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  • ItemEmbargo
    Nothing about us, without us: elevating voices from the autistic community
    (Colorado State University. Libraries, 2023) Banks, Tiffany N., author; Holmquist-Johnson, Helen, advisor; Williford, Anne, committee member; Brown, Samantha, committee member; Opsal, Tara, committee member; Gabriels, Robin, committee member
    Autism Spectrum Disorder (ASD) is a neurocognitive, developmental disability that impacts social communication and is associated with restricted and repetitive behaviors. Autistic youth, however, are more likely than their peers to have a co-occurring mental health challenge and less likely to engage in outpatient mental health treatments compared to typically developing peers. Emerging evidence to support the efficacy of complementary and alternative medicines, such as animal-assisted interventions, lacks input from this historically marginalized and oppressed population. In this dissertation, I explore what the experience of engaging in animal-assisted interventions is like for 3 young people. Using a multiple case study analysis, I am sharing the lived experience of difference, voice, and individualization in a therapeutic horseback riding program. Ultimately this dissertation emphasizes the importance of voice in the evidence-based practice model and illustrates the value of being heard and seen in this world, regardless of our differences.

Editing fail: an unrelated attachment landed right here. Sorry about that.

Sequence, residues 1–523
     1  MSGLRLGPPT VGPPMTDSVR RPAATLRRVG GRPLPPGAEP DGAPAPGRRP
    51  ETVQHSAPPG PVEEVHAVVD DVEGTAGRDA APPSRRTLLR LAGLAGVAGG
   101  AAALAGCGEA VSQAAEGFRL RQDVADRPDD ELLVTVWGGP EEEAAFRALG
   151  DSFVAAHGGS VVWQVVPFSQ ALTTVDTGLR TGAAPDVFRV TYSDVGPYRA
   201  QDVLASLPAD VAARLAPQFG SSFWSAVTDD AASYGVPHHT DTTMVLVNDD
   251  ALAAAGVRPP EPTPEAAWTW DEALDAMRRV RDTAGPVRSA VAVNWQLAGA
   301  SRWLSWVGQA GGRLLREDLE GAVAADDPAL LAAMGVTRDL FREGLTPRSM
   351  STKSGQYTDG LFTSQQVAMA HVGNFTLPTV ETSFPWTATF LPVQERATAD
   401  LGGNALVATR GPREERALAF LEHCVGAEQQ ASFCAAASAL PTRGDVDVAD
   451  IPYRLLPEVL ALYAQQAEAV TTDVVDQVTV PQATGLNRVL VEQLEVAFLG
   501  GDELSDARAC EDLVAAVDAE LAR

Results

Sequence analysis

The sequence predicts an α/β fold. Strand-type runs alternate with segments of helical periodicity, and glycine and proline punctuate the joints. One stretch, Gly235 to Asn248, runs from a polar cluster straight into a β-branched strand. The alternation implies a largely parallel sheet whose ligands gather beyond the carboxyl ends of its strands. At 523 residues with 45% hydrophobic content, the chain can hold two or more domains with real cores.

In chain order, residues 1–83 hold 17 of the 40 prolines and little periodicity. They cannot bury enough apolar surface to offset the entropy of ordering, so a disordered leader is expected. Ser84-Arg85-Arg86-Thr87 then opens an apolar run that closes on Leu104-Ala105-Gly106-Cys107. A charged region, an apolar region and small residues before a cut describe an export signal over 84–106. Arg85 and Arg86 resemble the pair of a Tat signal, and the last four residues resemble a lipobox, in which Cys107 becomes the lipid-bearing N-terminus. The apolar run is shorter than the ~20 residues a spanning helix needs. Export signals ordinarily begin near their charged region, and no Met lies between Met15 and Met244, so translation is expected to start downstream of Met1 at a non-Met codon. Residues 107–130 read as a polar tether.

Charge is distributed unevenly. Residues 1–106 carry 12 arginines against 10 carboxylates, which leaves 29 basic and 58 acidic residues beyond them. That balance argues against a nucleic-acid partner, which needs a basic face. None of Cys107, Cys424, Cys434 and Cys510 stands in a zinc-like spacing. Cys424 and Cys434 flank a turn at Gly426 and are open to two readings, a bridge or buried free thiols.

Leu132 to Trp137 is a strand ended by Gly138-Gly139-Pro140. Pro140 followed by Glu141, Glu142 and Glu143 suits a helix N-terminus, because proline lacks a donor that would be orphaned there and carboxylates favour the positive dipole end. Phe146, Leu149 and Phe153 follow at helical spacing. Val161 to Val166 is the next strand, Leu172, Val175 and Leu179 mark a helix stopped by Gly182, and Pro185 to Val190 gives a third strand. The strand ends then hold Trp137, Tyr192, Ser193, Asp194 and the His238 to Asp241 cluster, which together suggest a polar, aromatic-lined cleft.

• ItemEmbargo
    A mirror to humanity: the meaning-making experiences of correctional end-of-life care advocates
    (Colorado State University. Libraries, 2023) Kaushik, Shivani, author; Currin-McCulloch, Jennifer, advisor; Hogan, Michael, committee member; Yoder, Jamie, committee member; Yuma, Paula, committee member